If you still don't get it, put yourself in it. You are a complete zombie, you don't do what you want to do and you don't enjoy anything that you do. All of a sudden, this person appears to you and you feel different, you feel good. Wouldn't you want to stay around that person?

Edited by Steve McBride, 12 November 2008 - 04:23 PM.

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#13 Ira Ratner

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Posted 12 November 2008 - 08:01 PM

[quote name='Paul Bruening' date='Nov 11 2008, 11:21 AM' post='258801']
The guy asked me, "Are you some kinda' homo?" I answered something like, "I'm man-enough to cry," or some, similar, weak, smart-ass reply.

[quote]

That's the thing, Paul:

A majority of regular Joe's like us actually LIKED it--homo label not withstanding. Which is why it was such an incredible success.

Yeah, great box office numbers don't always indicate a good film.

But for THIS kind of movie to resonate like it did and cross so many demographics and psychographics, it indicates a GREAT film.

Simple example:

Pregnant teenage daughter whose parents still actually love and support her?

WOW! WHAT A CONCEPT!

I wish life would more often mirror art, you know?
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#14 Paul Bruening

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Posted 12 November 2008 - 10:19 PM

Yep.
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#15 Alessandro Malfatti

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Posted 27 November 2008 - 06:17 PM

Maybe the concept is good, it's original to have a pregnant teen that gets support from its parents, but apart from that I don't see original things in that movie (and generally in those kinds of movies), instead I see ideas that make little sense to me, and just like Justin said, the way the two lovebirds meet (in Garden State), or maybe how they treat each other (Juno) I just can't see that happening outside that wanna-be-believable world of that picture. That video from MadTV is actually quite smart, it really caricatures precisely what I believe is unbelievable or even silly about that movie.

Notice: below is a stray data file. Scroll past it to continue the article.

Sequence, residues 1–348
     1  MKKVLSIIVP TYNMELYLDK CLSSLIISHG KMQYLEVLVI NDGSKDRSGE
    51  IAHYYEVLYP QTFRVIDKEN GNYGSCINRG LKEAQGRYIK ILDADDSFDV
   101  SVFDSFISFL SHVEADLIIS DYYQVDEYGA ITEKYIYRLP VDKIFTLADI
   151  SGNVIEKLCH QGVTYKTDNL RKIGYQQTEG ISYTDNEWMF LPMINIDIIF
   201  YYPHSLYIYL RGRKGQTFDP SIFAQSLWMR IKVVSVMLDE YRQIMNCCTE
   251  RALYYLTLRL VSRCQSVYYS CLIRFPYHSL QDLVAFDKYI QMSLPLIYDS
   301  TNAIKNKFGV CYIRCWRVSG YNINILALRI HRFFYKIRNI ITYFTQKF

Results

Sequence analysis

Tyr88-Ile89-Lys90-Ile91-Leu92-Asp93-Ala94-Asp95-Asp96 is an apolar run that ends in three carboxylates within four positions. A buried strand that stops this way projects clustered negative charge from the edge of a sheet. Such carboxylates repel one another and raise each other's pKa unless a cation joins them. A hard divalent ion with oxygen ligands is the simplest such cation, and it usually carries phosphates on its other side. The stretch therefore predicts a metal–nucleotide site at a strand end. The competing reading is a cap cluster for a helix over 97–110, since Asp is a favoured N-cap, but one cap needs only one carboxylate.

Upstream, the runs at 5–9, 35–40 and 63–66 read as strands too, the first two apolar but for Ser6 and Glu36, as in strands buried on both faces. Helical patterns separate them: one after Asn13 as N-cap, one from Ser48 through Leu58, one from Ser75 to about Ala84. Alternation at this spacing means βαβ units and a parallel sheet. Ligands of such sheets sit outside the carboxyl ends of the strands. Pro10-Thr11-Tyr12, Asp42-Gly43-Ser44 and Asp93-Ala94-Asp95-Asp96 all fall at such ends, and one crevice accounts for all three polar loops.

I guess we'll have to settle on different opinions on that matter, many of my friends also loved the movie, and I guess IMDB and the box office success say something about it.
Btw. I haven't watched Brick yet, but I'll do so if the chance arises. But uh... to be honest the trailer doesn't make me want to watch it at all, really...

Edited by Alessandro Malfatti, 27 November 2008 - 06:20 PM.

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#16 Chazz Romeo

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Posted 01 December 2008 - 02:41 AM

i understand where people are coming from.. who dont like garden state.. (this movie being one of my top 10 favorites)..the movie is a simple story about a guy who loses his mother, his lifes all **(obscenity removed)**ed up and he has no idea what hes doing anymore...he finally comes home, meets this girl, gets some old friends back and takes a life journey that changes his life forever... its simply a melancholy movie that has a solid witty story to it.. people who dont like the movie just dont like these type of movies, its a style u have to have a taste for.. im sure ur favorite movies, if not typicals like the godfather, are movies id never care to watch.. plus the movie dominated in the box office and its unusual to see a bad review about it.. real film makers can see the beauty in this movie..
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#17 Jason Anderson

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Posted 01 December 2008 - 03:56 AM

any of you driven off with the gas nozzle still in the tank?